First is the central problem of equity – the vast imbalances of wealth, income and power that have long characterized most of Latin America and the Caribbean, and that at least for the time being have been exacerbated, not alleviated, by the market reforms of the 1990s. The divisions in Latin America have widened, although it has become unfashionable to talk about class struggle. Even if the most optimistic international agency projections about Latin America’s growth in the next decade turn out to be correct, income distribution may worsen. Unaddressed, that polarization could spell eventual social and political dynamite, especially where resentment about gross inequalities is heightened by rampant corruption, crime, personal insecurity, and evident impunity. Programs to alleviate extreme poverty, improve tax collection, facilitate credit for micro-enterprises, and provide broader access to social services are all crucial for Latin America’s future.
Second, closely linked with the problem of equity, is achieving improved accountability and the more consistently implemented rule of law. Neither political democracy nor market capitalism can develop well without independent judiciaries, civil control of the armed forces and police, broad access to information, autonomous and effective regulatory agencies, and other institutional constraints on power. More than economic policies, investment, and physical infrastructure, the “software” of effective governance is key.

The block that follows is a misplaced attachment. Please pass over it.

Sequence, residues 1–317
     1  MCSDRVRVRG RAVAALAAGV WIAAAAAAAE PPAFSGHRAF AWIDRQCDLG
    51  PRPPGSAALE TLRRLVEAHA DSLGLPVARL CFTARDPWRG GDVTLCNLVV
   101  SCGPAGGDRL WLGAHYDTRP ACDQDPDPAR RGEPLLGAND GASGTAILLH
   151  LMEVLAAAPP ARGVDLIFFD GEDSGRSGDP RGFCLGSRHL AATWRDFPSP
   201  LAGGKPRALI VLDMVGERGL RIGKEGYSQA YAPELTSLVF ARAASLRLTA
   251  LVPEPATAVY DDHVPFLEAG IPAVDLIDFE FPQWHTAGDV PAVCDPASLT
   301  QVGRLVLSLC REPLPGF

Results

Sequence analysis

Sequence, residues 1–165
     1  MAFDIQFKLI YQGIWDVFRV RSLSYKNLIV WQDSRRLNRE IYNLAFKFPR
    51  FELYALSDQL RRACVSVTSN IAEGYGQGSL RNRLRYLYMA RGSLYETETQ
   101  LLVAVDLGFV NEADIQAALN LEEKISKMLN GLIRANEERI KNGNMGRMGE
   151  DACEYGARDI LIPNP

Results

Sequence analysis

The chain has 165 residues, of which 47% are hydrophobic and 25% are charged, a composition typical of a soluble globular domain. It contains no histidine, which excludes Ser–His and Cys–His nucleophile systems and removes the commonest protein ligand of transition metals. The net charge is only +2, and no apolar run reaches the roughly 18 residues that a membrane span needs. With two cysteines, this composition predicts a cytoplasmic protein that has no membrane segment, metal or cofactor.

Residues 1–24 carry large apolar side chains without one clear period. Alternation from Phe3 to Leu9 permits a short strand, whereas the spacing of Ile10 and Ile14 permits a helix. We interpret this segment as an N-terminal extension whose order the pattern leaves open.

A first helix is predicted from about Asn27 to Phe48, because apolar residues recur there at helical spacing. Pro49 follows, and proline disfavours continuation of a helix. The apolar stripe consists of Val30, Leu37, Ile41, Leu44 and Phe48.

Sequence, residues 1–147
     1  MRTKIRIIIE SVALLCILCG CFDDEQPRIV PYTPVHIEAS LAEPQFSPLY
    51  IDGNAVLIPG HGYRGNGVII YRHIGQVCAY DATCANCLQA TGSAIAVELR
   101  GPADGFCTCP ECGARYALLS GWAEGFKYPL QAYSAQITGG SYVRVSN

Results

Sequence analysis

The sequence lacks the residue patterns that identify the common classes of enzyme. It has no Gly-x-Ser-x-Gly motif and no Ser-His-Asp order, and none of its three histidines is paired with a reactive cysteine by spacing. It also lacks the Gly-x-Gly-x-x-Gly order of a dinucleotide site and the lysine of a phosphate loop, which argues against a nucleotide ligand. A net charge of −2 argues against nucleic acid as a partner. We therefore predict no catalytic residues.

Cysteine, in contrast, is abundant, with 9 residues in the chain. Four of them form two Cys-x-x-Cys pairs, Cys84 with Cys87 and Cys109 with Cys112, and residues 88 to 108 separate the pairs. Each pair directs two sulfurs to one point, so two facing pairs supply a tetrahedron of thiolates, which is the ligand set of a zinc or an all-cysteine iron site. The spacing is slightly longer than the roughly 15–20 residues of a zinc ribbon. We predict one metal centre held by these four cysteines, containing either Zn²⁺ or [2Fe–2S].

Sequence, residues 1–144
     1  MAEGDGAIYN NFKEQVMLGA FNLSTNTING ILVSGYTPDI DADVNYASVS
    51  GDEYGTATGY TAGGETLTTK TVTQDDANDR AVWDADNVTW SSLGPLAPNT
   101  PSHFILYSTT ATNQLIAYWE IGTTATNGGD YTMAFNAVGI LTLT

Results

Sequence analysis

Third, there is a growing consensus in Latin America that expanded political participation, stronger growth, and improved equity all depend on major improvements in education. Substantially increased and well-targeted investments are needed to assure that the changing technologies of the world economy do not leave further and further behind an underclass of the uneducated. It is crucial to improve basic education; upgrade teaching and standards; make secondary education more widely available, especially for girls; train and retrain workers for a more technological economy; and redirect resources from upper-class entitlement programs to those with broad benefits.
The region also faces thorny trade offs. It is not easy to balance the gains from interdependence with the costs to autonomy and sovereignty. It is hard to reconcile the advantages of global economic and political integration and the risks of vulnerability. The requirements of capital accumulation (and investment) and those of equity sometimes conflict. So do the imperatives of political and economic liberalization, for the demands of economic elites and the claims of an impatient populace are contradictory, at least in the short and medium term. It will take superb political craftsmanship to build and maintain the coalitions necessary to manage all these tensions successfully, and that skill remains in short supply everywhere.
Cuba in Regional Perspective
Cuba’s situation at the century’s turn is both remarkably similar to and profoundly different from that of the rest of Latin American and the Caribbean.